Speaking of fantasies, you seem to believe that adults disagree with you about a matter of opinion because they were told something in infancy. That Santa stories don't even survive throughout childhood, much less into adulthood, ought to tell you that your cognitive theory is simply untenable.



posted on Dec, 13 2010 @ 06:03 PM
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Originally posted by eight bits
I pointed out the fact that six year-olds lack fully adult cognitive capacity.


No, you didn't. You moved the goalposts to that point, but you started with six-year-olds not having the capacity to experience "faith". In this post.

I never claimed that a child's cognitive capacity was the SAME as an adult's in any way. That's your red herring.



Definition needs work.


If you don't like my definition of faith, maybe you could share yours?




And you're not even close to the Christian conception of belief in God, which the original poster has reminded us is the topic of this thread.


"I'm not even close"? I'm sorry, I don't understand what you mean by that. Are you saying that I'm off topic? How?



Sure you do, if you believe that six year-olds have the same cognitive capacity as adults, or even remotely similar higher order intellectual functions.


But I don't believe that and I haven't said that. That's your red herring.



How do you propose to prevent the child's central nervous system from developing into an adult's central nervous system?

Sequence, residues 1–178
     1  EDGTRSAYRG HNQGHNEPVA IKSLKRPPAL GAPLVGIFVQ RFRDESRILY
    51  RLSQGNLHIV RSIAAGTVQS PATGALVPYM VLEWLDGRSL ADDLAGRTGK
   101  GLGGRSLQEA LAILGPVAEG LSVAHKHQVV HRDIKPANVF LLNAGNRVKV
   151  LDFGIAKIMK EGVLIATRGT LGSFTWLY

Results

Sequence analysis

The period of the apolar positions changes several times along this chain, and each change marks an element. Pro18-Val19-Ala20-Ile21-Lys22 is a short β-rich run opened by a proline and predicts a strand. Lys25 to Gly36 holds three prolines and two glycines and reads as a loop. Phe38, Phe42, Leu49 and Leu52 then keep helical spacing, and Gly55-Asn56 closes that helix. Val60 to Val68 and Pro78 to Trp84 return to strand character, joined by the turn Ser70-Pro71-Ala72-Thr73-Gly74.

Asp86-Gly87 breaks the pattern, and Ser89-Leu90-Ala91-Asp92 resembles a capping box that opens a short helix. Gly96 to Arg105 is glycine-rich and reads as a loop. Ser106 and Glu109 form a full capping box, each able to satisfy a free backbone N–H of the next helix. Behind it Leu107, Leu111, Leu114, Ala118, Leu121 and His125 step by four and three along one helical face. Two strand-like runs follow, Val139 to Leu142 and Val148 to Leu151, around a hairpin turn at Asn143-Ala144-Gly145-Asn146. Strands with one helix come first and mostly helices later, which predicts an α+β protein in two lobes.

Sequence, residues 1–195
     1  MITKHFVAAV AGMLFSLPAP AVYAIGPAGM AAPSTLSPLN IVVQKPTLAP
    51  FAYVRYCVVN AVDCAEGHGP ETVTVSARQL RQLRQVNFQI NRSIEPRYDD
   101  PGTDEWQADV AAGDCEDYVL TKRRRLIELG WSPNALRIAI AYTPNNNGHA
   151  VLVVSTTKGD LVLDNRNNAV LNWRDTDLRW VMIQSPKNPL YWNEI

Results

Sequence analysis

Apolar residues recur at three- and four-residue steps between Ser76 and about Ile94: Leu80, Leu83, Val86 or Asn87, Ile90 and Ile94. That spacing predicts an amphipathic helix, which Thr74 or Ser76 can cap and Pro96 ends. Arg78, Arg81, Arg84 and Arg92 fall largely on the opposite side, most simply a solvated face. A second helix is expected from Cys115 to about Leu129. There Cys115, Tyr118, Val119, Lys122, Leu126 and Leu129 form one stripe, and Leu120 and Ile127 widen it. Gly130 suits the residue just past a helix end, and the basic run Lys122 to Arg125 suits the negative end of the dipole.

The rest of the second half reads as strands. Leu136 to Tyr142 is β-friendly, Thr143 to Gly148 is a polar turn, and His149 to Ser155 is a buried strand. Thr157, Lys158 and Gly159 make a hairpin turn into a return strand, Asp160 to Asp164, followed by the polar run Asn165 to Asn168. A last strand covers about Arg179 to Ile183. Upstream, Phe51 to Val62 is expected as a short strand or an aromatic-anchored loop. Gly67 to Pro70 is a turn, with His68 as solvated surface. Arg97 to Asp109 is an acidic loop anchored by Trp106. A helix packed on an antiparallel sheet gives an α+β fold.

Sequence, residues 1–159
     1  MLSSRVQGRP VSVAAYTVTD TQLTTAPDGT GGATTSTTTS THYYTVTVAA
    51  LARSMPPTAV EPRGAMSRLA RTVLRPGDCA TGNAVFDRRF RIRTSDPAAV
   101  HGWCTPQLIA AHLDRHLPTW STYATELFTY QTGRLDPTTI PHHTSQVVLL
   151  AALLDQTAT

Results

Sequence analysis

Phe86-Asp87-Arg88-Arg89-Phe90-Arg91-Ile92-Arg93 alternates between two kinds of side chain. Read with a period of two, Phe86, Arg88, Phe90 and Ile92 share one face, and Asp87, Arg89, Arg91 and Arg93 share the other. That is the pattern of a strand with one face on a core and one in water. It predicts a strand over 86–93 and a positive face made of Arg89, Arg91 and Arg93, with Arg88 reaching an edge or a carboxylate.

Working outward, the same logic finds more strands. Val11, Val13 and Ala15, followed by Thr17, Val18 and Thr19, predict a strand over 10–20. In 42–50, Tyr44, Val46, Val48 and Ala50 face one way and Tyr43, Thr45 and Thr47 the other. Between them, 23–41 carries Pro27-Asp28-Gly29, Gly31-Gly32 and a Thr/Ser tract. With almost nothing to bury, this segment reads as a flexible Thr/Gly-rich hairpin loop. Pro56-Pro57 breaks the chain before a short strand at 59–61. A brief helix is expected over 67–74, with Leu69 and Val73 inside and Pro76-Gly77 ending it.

Oh! I see! So you are of the opinion that a person just naturally would stop believing in Santa as he matures and his cognitive capacities mature... Interesting concept, but from my point of view, if all 7 or 8 year olds were told that God wasn't real, just as we are told that Santa isn't, we wouldn't believe in God today. And if people were continually told that Santa WAS real, they would still believe in him, too.


When parents tell their children that Santa is NOT real, but God IS, with the same amount of evidence to support each (zero), you have cognitive dissonance. The objective evidence to support the existence of God and Santa is the same.
edit on 12/13/2010 by Benevolent Heretic because: (no reason given)



posted on Dec, 13 2010 @ 08:08 PM
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No, you didn't. You moved the goalposts to that point, but you started with six-year-olds not having the capacity to experience "faith". In this post.

Baloney. In that post, I asked the OP to produce empirical evidence to back up his claims that what he called "faith" in six year-olds is comparable with the corresponding "faith" in adults. I pointed out a severe and obvious methodological problem in his complying with my request.

I also correctly predicted that he would produce no evidence, that he was "blowing smoke." If the OP now has some evidence after all, then he will find the "goal posts" just where they always were. But the conversation has moved on.


I never claimed that a child's cognitive capacity was the SAME as an adult's in any way. That's your red herring.

CAPS LOCK stuck again? Sure you don't want Santa to bring you a new one?